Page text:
Leptin Works on Brain Before and After Birth

Studies shed light on activity of appetite hormone

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By
HealthDay Reporter

THURSDAY, April 1, 2004 (HealthDayNews) -- Leptin, the hormone that helps regulate body weight, can affect brain structure and function before birth and in adulthood, two research teams report.

The findings don't swing open a door to the magic diet pill that has been hoped for since leptin was discovered a decade ago, members of both research groups said. But they do add significantly to knowledge about just what it is that leptin does.

"This work is at the most basic level, where the function of leptin was not thought to occur," said Richard B. Simerly, a senior scientist at the Oregon National Primate Research Center and a member of one research team. "Now we can think about it."

Both groups report their results in the April 2 issue of Science, and both worked with a strain of mice bred to lack the gene for leptin.

Simerly and his colleagues looked at what happened to the brains of unborn mice when their mothers were given leptin during pregnancy. Without leptin, the part of the brain devoted to appetite regulation is shrunken. With leptin, that brain segment develops as it does in normal mice.

Since leptin production is a function of diet, Simerly said, "this clearly has implications that things like maternal diet alter levels of leptin, and it is possible that these changes can permanently predispose to obesity."

There still is no proof that what happens in laboratory mice happens in humans, he said. Still, epidemiological studies in India indicate that very low birth weight babies are likely to become obese when they eat a fat-rich Western diet, Simerly added.

"One possible interpretation is that when there are low leptin levels in utero, you end with a brain that is less sensitive to leptin," he said.

The second finding, from researchers at Yale University and Rockefeller University, seems to argue against leptin playing a predestined role in obesity. They are reporting that leptin can change the wiring of the brain in adult mice, inhibiting activity of brain cells that encourage the animal to eat and activating cells that curtail feeding. It is part of an ongoing revolution in neurology in which the adult brain, until recently thought to be unchangeable, has been found to be anything but that.

"The bottom line of our paper is that in the brain, connectivity is extremely plastic, not hard-wired, and that the brain is constantly rearranging itself," said Dr. Tamas L. Horvath, an associate professor of obstetrics, gynecology and neurobiology at Yale and a member of the research team.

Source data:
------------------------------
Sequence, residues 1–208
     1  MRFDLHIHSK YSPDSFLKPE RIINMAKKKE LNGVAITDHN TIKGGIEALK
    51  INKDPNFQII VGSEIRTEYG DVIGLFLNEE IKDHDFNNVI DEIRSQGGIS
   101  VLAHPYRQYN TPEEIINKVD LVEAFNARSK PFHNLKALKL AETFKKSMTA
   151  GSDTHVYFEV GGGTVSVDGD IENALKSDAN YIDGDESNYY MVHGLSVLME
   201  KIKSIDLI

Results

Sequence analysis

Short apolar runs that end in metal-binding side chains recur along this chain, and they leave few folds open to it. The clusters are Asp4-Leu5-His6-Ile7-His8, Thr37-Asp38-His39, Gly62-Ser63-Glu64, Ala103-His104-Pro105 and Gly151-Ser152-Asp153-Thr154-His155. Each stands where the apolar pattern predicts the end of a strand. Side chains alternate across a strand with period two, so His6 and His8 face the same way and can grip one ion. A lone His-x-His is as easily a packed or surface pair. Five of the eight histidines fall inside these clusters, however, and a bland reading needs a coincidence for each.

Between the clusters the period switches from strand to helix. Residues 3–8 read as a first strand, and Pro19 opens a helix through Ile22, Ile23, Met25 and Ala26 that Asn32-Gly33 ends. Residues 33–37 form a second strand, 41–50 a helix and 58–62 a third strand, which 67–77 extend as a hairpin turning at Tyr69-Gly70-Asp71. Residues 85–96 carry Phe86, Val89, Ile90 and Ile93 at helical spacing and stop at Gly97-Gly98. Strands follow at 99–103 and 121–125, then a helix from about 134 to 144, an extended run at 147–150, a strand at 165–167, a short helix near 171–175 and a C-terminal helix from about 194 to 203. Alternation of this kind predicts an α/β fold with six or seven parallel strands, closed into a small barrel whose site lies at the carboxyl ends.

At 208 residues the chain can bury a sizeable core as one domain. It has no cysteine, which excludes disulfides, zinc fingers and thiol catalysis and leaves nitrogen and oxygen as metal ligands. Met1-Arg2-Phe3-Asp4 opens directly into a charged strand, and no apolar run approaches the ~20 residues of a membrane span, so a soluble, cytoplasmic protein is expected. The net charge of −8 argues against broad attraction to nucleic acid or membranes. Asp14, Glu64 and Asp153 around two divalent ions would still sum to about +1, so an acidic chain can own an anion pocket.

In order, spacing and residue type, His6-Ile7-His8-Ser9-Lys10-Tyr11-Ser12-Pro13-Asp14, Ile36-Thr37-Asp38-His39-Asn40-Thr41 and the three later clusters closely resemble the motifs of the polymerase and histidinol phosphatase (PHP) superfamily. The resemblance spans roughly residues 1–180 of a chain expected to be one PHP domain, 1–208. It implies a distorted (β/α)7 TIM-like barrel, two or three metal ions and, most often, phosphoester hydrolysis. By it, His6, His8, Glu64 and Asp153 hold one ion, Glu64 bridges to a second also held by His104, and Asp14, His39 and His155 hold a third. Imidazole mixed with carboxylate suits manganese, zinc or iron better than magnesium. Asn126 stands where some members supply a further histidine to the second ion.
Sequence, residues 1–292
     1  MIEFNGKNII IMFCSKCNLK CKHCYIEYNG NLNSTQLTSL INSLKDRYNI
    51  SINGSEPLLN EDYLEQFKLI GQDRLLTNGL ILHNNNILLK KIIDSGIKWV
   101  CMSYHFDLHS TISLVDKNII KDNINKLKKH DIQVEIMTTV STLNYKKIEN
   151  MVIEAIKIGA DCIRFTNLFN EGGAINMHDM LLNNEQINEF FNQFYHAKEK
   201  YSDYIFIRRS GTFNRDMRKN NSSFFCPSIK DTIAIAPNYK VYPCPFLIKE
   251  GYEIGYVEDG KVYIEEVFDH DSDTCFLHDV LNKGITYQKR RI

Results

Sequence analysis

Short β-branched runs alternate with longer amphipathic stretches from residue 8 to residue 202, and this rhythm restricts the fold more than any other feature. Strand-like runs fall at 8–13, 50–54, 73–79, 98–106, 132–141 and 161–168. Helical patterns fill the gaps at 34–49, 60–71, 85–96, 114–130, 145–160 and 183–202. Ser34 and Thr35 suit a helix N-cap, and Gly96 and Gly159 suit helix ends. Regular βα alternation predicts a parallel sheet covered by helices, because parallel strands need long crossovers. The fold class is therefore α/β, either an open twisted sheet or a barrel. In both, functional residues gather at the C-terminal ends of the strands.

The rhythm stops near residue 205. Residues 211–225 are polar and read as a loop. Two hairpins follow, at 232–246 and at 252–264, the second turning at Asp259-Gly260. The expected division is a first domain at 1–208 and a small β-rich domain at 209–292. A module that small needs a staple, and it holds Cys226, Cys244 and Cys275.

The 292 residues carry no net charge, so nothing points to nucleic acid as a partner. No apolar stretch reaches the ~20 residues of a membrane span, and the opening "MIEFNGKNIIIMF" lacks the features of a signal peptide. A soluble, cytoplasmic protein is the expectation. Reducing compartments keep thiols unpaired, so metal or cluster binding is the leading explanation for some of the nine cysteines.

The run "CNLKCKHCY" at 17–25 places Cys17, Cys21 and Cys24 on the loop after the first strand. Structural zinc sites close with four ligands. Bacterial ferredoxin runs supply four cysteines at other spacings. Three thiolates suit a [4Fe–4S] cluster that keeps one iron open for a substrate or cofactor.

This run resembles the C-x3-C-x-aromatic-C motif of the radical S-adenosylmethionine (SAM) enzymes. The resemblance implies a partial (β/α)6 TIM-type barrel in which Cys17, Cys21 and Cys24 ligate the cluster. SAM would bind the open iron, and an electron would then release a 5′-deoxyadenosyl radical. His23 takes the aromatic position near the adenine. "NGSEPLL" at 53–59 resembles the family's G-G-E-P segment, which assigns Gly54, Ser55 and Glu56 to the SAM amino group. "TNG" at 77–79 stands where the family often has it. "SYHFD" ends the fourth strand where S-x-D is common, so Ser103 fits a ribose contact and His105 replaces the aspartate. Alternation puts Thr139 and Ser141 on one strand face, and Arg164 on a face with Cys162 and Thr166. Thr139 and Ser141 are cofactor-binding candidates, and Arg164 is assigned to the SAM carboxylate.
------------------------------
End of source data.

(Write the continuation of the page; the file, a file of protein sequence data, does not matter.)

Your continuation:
The scientists now "are trying to figure out how we could change the wiring in obese people," Horvath said. "We're trying to understand the mechanism that enables this plastic rearrangement to occur."

It isn't a simple question to answer, since other molecules, including gherlin, a hormone that stimulates appetite, also get into the act. What is clear, Horvath said, is that "brain plasticity is a critical element in the appropriate management of food intake."

While one study seems to say leptin levels during pregnancy can determine obesity in adult life and the other argues for a dynamic, changing effect in adults, there is no conflict between the two findings, Simerly said. He compared the brain circuitry involved in appetite control with the wiring system used to bring cable television into the home.

"The effect during fetal development is to determine how many cables are laid down into a city," Simerly said. "Later, the effect is on the finer details of distribution of wiring within a city; how many wires go into a home."

More information

In the absence of a miracle pill, you can get advice on fighting obesity from the National Heart, Lung, and Blood Institute. Learn about leptin from the Duke Weight Loss Surgery Center.

SOURCES: Richard B. Simerly, Ph.D., senior scientist, Oregon National Primate Research Center, Beaverton; Tamas L. Horvath, D.V.M., Ph.D., associate professor, obstetrics, gynecology and neurobiology, Yale University, New Haven, Conn.; April 2, 2004, Science

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